More standard features of Truebill include the ability to generate a credit report on-demand and even request a pay advance. I only used the pay advance feature once when I wanted to buy a gift for my mom, but didn't have enough cash in hand and Truebill automatically reimbursed itself when I got my next paycheck.
The credit report is another fantastic feature and practically taught me what good credit meant. Truebill's credit report basically shows you which financial decisions have the most significant impact on your credit score and ways that you can improve your credit month-over-month. I've never had such control over my credit and it feels good.
I'll be the first to admit that I was extremely naive coming out of school. I figured that as long as I was attentive, I could manage my finances with ease. We manage money to some extent throughout our entire lives, but once you're thrown out on your own, it's a completely different story. With Truebill, I've finally been able to take control over my finances and stay on top of all of my responsibilities.
My buddies and I always try to make it out to a game, but we never really care which one we end up at. Obviously we have our favorite sports and teams, but it was rarely about what game we went to or who we saw playing. It was about watching the game live.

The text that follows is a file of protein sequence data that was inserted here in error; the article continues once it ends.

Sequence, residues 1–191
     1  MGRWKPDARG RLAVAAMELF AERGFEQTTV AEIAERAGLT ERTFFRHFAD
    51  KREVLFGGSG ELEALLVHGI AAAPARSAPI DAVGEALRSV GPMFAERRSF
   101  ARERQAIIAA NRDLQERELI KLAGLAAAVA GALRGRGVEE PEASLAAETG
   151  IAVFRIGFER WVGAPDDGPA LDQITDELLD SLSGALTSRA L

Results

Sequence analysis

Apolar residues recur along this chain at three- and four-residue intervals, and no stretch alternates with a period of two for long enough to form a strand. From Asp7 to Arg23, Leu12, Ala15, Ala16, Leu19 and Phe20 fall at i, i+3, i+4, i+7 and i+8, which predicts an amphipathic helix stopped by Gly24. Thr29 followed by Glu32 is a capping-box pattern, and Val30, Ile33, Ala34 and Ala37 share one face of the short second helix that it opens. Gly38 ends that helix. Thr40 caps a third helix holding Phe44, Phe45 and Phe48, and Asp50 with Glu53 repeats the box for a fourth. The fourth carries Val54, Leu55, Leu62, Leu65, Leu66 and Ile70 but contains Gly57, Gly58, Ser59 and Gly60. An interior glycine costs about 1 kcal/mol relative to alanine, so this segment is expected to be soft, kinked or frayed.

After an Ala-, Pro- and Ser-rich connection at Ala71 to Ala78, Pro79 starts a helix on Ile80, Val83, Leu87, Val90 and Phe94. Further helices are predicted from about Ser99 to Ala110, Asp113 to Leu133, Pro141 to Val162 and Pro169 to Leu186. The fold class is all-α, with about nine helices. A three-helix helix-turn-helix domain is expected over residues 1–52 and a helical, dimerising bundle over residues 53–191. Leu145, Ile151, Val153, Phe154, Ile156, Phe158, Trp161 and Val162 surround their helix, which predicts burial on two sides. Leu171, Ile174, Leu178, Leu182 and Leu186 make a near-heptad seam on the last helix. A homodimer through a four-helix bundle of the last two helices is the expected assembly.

In the early months of lockdown, all we had was Korean baseball, and trust me, we loved it. The only issue was, none of us had any idea what the commentators were saying. Even then, a few of my friends weren't huge fans of baseball. They were into sports like football and basketball, ones that moved at a quicker pace with less down-time in between plays.
We decided to see if there were any other events going down and came across horse racing. Yes, horse racing. It was perfect--short, fast-paced, and most importantly, an opportunity for betting.
I had never really considered watching a horse race any time other than the Belmont Stakes, but the prospects of the sport seemed exhilarating. Even better, with horse racing we knew we could still recreate the atmosphere of a race track. Salty snacks? Check. Stale beer? Check. A simple and easy way to bet? Check.
One quick Google search later, we came across TVG, powered by FanDuel. It's an online betting platform that takes you right to the heart of the action. We were a little apprehensive about using a mobile app to place our bets, but TVG's ability to bet on live horse races from all over the world was too good to pass up.